2003 - Syracuse wins the NCCA Mens’ basketball title at the Louisiana Superdome.  Syracuse won their first national championship in three tries under Jim Boeheim, defeating Kansas 81-78 in what would be Roy Williams’ final game as head coach of the team.  He left to become the head coach at North Carolina, a position he still holds.  Carmelo Anthony of Syracuse was named the tournament's MVP.

    2003 – US troops captured Baghdad and Saddam Hussein’s regime fell two days later.
    2008 - Kansas Jayhawks defeated the Memphis Tigers 75-68 in overtime at the Alamodome in San Antonio, Texas, to win their fifth national championship, and third NCAA championship. On August 20, 2009, the NCAA forced Memphis to vacate all of its wins from the 2007-08 season, as well as their trip to the Final Four and the NCAA Championship Game. The penalty, which was due to use of an ineligible player, widely believed to be Derrick Rose, was upheld by the NCAA Infractions Appeals Committee on March 22, 2010.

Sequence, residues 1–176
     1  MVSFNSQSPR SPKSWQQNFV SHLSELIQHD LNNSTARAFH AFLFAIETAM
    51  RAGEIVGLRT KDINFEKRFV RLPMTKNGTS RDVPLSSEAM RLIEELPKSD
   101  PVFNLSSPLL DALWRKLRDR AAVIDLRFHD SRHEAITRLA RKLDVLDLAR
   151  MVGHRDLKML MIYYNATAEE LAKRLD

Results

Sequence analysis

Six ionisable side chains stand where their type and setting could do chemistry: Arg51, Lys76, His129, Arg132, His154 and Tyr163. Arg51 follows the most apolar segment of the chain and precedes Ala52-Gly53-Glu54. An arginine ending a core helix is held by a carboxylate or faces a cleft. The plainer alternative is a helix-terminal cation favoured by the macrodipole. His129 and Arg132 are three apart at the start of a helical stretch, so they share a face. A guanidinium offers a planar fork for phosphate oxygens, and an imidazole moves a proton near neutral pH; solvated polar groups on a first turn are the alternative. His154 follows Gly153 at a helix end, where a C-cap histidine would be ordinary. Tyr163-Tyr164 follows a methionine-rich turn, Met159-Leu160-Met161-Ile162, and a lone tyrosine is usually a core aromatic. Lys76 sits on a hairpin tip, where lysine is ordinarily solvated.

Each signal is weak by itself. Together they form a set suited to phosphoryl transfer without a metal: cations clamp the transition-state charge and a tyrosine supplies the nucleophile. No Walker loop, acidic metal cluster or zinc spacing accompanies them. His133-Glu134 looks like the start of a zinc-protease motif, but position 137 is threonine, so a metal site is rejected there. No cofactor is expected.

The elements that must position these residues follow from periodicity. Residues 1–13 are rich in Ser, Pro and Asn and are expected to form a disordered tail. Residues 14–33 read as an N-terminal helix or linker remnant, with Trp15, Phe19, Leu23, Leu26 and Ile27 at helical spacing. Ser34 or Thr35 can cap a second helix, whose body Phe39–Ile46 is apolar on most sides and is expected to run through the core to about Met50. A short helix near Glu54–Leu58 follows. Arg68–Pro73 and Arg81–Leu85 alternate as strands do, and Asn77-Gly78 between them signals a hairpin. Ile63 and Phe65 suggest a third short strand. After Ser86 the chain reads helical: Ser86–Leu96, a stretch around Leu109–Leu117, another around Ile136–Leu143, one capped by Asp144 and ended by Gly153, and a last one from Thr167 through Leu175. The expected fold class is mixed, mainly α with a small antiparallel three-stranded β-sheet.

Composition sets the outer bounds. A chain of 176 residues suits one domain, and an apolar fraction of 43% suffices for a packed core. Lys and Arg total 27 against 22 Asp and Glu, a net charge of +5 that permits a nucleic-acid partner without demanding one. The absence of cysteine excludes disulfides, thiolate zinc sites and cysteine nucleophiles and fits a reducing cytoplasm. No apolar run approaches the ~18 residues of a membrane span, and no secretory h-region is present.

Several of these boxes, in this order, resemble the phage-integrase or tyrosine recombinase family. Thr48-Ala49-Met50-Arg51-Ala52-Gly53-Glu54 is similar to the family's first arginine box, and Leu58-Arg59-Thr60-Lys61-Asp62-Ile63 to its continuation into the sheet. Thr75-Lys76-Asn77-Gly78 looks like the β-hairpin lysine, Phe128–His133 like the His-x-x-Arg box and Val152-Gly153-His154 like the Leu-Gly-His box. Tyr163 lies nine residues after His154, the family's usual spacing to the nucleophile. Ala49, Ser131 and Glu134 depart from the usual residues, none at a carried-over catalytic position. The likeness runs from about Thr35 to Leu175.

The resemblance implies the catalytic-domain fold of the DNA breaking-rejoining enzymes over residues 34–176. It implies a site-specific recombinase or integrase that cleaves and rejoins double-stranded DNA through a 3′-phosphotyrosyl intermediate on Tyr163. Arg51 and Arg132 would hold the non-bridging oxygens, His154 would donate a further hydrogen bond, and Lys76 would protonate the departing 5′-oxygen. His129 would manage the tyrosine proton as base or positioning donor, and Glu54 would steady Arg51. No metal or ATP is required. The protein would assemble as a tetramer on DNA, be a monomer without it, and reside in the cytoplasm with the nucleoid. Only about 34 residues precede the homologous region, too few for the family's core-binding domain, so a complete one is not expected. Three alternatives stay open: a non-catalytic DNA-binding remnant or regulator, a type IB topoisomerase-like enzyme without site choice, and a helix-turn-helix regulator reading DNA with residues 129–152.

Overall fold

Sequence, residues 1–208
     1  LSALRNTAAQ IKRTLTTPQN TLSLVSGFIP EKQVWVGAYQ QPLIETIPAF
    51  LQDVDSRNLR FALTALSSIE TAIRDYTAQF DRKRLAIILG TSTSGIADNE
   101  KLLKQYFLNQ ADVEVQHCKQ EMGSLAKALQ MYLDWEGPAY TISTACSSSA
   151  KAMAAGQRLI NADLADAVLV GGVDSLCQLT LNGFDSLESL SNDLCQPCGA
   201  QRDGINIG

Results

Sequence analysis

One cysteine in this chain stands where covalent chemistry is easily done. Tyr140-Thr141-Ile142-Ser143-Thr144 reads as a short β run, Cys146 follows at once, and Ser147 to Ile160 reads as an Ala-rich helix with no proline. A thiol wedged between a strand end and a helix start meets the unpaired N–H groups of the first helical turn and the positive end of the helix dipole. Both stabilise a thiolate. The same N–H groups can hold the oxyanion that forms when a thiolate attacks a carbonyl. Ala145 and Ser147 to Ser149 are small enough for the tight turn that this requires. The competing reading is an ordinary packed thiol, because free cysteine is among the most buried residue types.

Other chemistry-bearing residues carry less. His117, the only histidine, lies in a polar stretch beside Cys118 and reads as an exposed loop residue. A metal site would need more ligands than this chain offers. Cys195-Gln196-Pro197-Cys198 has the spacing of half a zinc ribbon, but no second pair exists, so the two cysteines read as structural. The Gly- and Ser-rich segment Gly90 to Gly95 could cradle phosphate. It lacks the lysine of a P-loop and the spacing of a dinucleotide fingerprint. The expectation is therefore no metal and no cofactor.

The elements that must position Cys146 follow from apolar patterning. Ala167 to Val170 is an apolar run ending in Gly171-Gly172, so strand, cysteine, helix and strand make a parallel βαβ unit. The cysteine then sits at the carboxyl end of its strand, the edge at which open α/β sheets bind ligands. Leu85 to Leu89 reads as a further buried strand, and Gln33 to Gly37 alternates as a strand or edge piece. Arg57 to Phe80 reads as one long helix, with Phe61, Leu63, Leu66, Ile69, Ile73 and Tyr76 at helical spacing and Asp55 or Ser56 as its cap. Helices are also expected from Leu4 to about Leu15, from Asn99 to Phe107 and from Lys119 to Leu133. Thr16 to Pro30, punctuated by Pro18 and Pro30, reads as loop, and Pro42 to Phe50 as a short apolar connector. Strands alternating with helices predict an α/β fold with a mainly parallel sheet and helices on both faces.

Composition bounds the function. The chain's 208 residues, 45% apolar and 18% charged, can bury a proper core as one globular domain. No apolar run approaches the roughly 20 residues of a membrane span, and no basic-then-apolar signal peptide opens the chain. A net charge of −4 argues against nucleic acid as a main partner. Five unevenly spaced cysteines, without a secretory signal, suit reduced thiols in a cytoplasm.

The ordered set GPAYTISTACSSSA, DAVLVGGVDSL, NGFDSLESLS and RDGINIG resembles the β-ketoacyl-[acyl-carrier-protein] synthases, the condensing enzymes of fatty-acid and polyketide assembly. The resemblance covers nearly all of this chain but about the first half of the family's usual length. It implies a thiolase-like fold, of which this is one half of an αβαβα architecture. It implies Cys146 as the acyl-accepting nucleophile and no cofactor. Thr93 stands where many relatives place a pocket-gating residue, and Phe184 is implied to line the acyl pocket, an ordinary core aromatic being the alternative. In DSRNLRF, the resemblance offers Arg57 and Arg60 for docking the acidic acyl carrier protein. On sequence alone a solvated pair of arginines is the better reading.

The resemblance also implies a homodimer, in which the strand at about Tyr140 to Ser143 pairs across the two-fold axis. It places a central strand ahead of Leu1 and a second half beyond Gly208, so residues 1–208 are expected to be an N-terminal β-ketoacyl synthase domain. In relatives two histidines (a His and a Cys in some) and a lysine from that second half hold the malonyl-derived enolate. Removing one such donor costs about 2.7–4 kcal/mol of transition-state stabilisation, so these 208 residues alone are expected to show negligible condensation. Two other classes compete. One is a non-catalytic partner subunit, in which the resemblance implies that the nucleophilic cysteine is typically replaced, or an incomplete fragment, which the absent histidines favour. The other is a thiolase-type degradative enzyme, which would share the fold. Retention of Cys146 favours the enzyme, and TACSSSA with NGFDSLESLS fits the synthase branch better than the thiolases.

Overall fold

2008 - 66 year old Bob Dylan received an honorary Pulitzer Prize for his "profound impact on popular music and American culture, marked by lyrical compositions of extraordinary poetic power."
    2008 - Olivia Newton-John began a walk across the entire length of China's Great Wall in order to raise funds for and awareness of the battle to cure breast cancer. The walk took three weeks and covered 141 miles.
    2014 - The UConn Huskies beat the University of Kentucky Wildcats 60-54 for the NCAA Men's Basketball Division I championship title

NBA Champions:
    1956 - Philadelphia Warriors

NCCA Champions:
    2003 - Syracuse
    2004 - UConn
    2008 - Kansas
    2014 - UConn